In India, three Indian players in IPL Season 6 (2013) were arrested for spot-fixing: Sreesanth, Ankeet Chavan and Ajit Chandila. Along with them, 11 bookmakers were arrested. The players have accepted that they have done spot-fixing. The Delhi Police arrested the three players in a post-midnight operation in Mumbai 16 May for spot-fixing in IPL matches for payments of up to Rs. 6 million, just for giving away a pre-determined number of runs in an over.[8] On 13 September, Sreesanth was given a lifetime ban from the sport.[9]

In England, allegations of spot-fixing made against two Essex players, the Pakistani Test bowler Danish Kaneria and Mervyn Westfield,[10] were upheld by the ECB, resulting in a life ban for Kaneria and a five-year ban for Westfield.[11]

Rugby league[edit]

Australian rugby league player Ryan Tandy was found guilty of spot-fixing during a 2010 National Rugby League season match between North Queensland and Canterbury-Bankstown. Tandy, playing for Canterbury-Bankstown, was involved in spot-fixing the first score of the match to be a North Queensland penalty goal. Observers noted that there had been an unusually high proportion of bets taken on the penalty goal option for the game. Then, in the opening minutes of the game, Tandy was found to have deliberately conceded a knock-on from the match's kick-off and then a penalty for slowing down the play-the-ball in the Cowboys' first attacking set in front of the goalposts, giving North Queensland a chance to kick an easy penalty goal. As it happened, the spot-fixing attempt was unsuccessful, as North Queensland passed up its penalty goal opportunity and scored a try instead. In 2011, Tandy was found guilty of attempting to dishonestly obtain a financial advantage on 6 October 2011, and he received a six-month correction order from the courts and a life ban from rugby league.[12]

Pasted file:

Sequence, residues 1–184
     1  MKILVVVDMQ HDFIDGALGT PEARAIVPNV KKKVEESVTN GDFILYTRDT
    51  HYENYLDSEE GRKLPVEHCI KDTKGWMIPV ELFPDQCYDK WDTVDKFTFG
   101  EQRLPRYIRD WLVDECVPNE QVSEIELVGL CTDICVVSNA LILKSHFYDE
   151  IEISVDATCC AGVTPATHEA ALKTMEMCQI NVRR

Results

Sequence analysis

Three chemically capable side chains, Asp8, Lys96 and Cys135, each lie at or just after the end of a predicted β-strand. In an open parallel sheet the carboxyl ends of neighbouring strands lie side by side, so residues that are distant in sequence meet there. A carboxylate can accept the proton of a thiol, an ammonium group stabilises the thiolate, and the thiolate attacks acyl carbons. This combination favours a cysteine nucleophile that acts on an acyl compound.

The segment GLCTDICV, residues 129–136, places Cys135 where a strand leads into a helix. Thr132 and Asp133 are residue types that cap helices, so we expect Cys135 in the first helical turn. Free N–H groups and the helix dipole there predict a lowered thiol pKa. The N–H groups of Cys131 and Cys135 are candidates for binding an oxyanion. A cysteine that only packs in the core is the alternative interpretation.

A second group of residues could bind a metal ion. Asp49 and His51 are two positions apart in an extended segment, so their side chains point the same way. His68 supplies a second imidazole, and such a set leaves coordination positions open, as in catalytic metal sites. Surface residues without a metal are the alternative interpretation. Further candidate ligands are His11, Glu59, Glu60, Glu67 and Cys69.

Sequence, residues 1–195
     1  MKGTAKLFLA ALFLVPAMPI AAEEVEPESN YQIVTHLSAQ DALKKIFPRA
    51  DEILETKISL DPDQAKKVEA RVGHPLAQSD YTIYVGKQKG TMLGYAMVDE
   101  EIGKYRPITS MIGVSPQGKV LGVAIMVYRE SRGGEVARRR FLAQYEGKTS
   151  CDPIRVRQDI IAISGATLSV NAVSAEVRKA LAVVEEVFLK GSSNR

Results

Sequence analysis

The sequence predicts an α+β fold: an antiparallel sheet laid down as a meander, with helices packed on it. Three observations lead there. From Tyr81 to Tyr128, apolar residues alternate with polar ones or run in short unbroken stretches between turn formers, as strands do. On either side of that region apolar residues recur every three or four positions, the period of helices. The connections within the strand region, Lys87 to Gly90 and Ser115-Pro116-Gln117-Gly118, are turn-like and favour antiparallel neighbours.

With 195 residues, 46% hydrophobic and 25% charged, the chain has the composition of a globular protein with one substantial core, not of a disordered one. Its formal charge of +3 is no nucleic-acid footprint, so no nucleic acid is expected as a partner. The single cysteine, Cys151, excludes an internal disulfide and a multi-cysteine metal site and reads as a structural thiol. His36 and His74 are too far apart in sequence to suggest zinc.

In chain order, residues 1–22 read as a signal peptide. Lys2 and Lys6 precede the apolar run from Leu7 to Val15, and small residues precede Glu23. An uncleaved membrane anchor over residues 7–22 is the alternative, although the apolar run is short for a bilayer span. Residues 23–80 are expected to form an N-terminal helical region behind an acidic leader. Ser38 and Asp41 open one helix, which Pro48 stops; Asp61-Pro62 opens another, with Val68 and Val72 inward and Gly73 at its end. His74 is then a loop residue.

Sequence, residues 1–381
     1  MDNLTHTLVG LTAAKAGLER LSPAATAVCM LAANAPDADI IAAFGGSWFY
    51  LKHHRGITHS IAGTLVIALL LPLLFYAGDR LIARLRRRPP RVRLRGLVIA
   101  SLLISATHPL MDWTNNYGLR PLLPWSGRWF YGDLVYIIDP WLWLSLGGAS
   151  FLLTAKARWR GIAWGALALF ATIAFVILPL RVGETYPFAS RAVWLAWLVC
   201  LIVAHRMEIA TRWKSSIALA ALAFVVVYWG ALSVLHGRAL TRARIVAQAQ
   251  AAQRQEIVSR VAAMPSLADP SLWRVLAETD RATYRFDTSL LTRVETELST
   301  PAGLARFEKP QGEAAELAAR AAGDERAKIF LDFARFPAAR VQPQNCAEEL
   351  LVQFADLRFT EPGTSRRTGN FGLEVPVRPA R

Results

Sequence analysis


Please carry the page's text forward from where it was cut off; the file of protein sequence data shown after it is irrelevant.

See also[edit]


  1. ^ Mehaffey, John (9 February 2009). "Q+A-Cricket-Spot fixing latest threat to game's integrity | Reuters". Retrieved 30 August 2010. 
  2. ^ Selvey, Mike (15 April 2010). "Spotting spot-fixing is harder than ever in Twenty20 era | Mike Selvey | Sport". London: The Guardian. Retrieved 30 August 2010. 
  3. ^ Wilson, Steve (3 September 2009). "Matthew Le Tissier admits being part of attempted betting scam at Southampton". London: Telegraph. Retrieved 30 August 2010. 
  4. ^ "UK | England | Hampshire | Le Tissier in police bet inquiry". BBC News. 11 September 2009. Retrieved 30 August 2010. 
  5. ^
  6. ^ "Pakistan match-fixing claim: what is spot-fixing?". London: Telegraph. 29 August 2010. Retrieved 30 August 2010. 
  7. ^ CricketCountry Staff (15 May 2012). "BCCI suspends five players accused in spot-fixing". Retrieved 15 May 2012. 
  8. ^ DNA Webdesk (16 May 2013). "Sreesanth, 2 other Rajasthan Royals players arrested for spot-fixing, suspended from IPL". DNA. Retrieved 16 May 2013. 
  9. ^
  10. ^ "'Spot fixing' investigation taints County cricket openers | Cricket | Cricket". The Sport Review. 13 April 2010. Retrieved 30 August 2010. 
  11. ^ "Danish Kaneria gets ECB life ban for corrupting Mervyn Westfield". BBC. 22 June 2012. Retrieved 22 June 2012. 
  12. ^ "Former NRL player Ryan Tandy found dead from reported drug overdose". ABC News (Australia) ( 28 April 2014. Retrieved 28 April 2014.